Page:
Executive summaries typically follow a one-page template, so that they can be concise, professional, and easy to read. Conveying all the information you need to have in such a short space might be challenging. When designing your executive summary, remember that you’re not trying to give your reader enough information to make a decision. You’re just trying to get them excited about hearing more.
Parts of an executive summary
Your executive summary should include brief descriptions of who your product, service, or proposal is for and what distinguishes it from competitors. Include any necessary background information and statistics about the industry. Depending on your proposal, you may want to consider providing a market analysis of your target audience.
Your goal is a compelling story with only essential information, in the interest of capturing the reader’s attention quickly. Executives have multiple priorities competing for their attention. You want to create something that’s compelling, valuable, and can be absorbed in a limited time. Every piece of information in the entire document should be chosen with that in mind.
Components of an executive summary
- Table of contents
- Company description
- Project plan (problem statement and proposed solution)
- Funding request
How to write an executive summary
If you’re an entrepreneur, you should write the executive summary after you’ve completed the full business plan. It will provide an overview of the most important points of your business idea, and the specific support you’ll need to be successful.
If you’re creating an executive summary to present to the leadership team at your organization, it may still be helpful to draft your entire project plan first. It will be easier to write your summary after you’ve worked through the pain points, your solution, and how this impacts the business executives you’re talking to.
Title and introduction
There’s one job that your title and introduction needs to do — grab their attention. It’s almost a summary of the summary. If your decision makers read nothing else, they should walk away with an understanding of what you’re proposing, the problem you’re solving, and why now is the right time.
Table of contents
Even though your document is short, it’s a good idea to include a brief table of contents near the top of the page. This will serve as a quick overview of the points you make in the summary. That way, if your reader is looking for something specific (whether on a first glance or for later reference) they’ll be able to locate it quickly.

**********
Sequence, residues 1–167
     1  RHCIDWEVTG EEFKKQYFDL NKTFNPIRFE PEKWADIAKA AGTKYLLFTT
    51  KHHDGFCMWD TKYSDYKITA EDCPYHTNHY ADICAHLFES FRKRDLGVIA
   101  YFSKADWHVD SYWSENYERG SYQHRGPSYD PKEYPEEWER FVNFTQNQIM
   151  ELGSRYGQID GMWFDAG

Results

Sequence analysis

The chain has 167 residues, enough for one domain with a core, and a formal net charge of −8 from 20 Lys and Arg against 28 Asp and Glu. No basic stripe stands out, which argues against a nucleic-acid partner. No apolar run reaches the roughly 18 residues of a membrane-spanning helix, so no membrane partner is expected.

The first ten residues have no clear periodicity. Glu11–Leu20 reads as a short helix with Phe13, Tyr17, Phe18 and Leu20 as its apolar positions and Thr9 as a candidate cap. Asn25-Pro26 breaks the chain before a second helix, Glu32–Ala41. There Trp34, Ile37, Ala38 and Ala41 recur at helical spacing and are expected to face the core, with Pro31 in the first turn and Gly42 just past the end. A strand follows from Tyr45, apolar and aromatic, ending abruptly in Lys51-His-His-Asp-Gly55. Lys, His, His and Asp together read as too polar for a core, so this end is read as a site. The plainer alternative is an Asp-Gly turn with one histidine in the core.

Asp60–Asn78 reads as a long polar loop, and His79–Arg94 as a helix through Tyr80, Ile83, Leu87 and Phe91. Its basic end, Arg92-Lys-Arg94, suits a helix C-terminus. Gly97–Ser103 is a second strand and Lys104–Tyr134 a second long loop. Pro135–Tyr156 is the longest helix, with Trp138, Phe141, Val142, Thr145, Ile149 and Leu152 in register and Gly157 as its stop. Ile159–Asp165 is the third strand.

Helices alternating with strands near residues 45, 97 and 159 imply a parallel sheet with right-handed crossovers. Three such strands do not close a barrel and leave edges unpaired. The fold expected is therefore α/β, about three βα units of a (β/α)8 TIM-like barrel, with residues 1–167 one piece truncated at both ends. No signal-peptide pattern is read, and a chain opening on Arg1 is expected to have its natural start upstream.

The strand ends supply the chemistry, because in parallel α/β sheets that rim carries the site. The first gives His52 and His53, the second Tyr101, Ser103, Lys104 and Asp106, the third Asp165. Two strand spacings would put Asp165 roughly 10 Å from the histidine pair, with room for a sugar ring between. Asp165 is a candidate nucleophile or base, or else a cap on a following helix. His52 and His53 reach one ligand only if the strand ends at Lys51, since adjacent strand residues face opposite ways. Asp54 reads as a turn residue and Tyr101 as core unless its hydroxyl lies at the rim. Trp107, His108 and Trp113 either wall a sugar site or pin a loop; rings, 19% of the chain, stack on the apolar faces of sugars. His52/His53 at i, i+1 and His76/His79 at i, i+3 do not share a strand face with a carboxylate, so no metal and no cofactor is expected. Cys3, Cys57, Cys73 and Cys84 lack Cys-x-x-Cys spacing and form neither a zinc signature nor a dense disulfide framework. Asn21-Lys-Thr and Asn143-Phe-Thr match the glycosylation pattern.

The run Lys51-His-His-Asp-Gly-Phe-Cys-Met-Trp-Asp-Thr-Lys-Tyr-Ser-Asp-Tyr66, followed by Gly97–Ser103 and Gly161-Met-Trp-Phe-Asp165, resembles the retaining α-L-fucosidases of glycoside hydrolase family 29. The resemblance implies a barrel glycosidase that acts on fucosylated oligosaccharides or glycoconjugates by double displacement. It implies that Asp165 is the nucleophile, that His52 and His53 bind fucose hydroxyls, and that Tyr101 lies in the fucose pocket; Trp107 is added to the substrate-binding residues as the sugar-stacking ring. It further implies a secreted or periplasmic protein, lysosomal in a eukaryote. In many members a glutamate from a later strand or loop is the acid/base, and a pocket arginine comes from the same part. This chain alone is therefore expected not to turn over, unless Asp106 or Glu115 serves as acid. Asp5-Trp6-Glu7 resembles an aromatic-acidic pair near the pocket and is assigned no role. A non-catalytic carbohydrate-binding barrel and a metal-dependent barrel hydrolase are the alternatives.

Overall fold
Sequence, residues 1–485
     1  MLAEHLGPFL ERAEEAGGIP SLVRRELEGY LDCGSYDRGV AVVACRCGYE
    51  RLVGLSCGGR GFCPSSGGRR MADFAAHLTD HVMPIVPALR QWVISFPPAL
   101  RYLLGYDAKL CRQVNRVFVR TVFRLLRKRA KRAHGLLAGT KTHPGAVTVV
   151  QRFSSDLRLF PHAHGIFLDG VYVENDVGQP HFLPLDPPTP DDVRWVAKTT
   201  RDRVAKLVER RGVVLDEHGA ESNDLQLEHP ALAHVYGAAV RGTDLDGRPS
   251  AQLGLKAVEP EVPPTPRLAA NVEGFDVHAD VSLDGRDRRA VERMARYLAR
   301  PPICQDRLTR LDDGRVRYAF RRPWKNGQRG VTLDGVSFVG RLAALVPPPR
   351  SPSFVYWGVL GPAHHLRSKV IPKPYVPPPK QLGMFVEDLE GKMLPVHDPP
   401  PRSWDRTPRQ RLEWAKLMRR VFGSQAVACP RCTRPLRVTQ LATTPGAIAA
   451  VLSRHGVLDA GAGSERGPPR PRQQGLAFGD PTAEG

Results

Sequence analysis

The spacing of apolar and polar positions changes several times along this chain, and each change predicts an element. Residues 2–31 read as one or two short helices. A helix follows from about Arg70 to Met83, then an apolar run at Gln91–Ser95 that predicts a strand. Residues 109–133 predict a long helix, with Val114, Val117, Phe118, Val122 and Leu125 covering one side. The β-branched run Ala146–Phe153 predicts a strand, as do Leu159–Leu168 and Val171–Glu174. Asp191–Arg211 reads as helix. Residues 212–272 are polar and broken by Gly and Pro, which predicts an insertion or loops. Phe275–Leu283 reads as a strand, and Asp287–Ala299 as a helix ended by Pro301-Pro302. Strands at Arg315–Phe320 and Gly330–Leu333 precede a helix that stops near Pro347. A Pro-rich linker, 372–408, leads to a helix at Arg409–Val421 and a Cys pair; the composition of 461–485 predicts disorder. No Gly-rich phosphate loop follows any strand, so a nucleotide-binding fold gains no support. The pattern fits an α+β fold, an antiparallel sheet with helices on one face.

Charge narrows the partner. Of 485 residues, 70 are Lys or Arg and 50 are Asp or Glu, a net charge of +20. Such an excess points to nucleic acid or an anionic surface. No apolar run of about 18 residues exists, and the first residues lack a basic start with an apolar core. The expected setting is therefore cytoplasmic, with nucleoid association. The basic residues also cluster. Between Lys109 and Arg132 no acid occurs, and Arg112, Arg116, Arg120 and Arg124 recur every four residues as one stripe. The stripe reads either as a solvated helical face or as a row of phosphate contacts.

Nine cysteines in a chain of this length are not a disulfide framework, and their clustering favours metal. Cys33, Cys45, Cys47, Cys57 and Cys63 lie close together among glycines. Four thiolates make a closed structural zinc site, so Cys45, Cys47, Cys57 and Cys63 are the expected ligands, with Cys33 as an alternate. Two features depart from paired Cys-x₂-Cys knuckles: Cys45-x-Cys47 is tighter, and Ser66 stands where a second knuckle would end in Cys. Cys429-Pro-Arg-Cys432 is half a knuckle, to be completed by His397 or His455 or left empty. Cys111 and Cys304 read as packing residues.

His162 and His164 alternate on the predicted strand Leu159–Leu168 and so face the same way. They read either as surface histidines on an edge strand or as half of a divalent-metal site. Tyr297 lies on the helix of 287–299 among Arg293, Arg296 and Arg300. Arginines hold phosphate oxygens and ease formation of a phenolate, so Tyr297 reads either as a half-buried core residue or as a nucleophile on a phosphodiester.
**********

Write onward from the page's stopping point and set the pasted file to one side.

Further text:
In this section, you should include a brief background of your business’ qualifications and experience. Include your mission statement and where you currently stand in the market.
If you’re presenting to executive management at your company, you should still include this information. Tell them what your team has accomplished and what you’re poised to do. Make the case as to why your team deserves this allocation of the company’s resources.
Write a problem statement that creates awareness of the problem. What information does your reader need to know in order to get the urgency of the problem? Will they be able to understand your proposed solution and why you’re the best answer?
This section might be tricky to write, given the space constraints. Stick to key milestones. You can outline the full plan, step-by-step, in the full proposal. This section should give just enough information so that the reader understands the actions that need to be taken and what a successful solution would look like.
For a small business, the request is typically an ask for funding. This pins down the importance of a strong case in the earlier sections. You’re essentially leading with the ask, even though most requests won’t be approved solely based on the executive summary.
For teams, there may still be a request for funding or an allocation of other resources. However, this section should clearly state the decision that the project manager wants the executive to make. It should drive the importance of making that decision and why now is the right time.
While not technically a section, you should still dedicate ample time to proofreading the summary once it’s finished. Look for errors in grammar and spelling. But — and perhaps, more importantly — send it to others and ask for feedback. Try to get a range of proofreaders both in and out of your industry. Is it easy to understand? Does it make them want to take action or learn more? Which sections are especially effective, and which feel unnecessary? Do you make a strong case for the support you’re requesting?
An executive summary isn’t the kitchen sink — it’s the bells and whistles. Geared towards busy decision-makers, these one-pagers communicate your case for action and proposed solution. When it’s written well, your audience will walk away with an understanding of what needs to be done, why it needs to happen, and why they should help it move forward.
But writing it well doesn’t just mean spell-checking. It means tailoring your communication to an influential, yet busy and distracted audience. To be effective, you’ll need to write your proposal with empathy and an understanding of what matters to them.
If you need support building your communication skills, developing, or scaling an organization, we can support you as you grow. Schedule a demo with BetterUp today.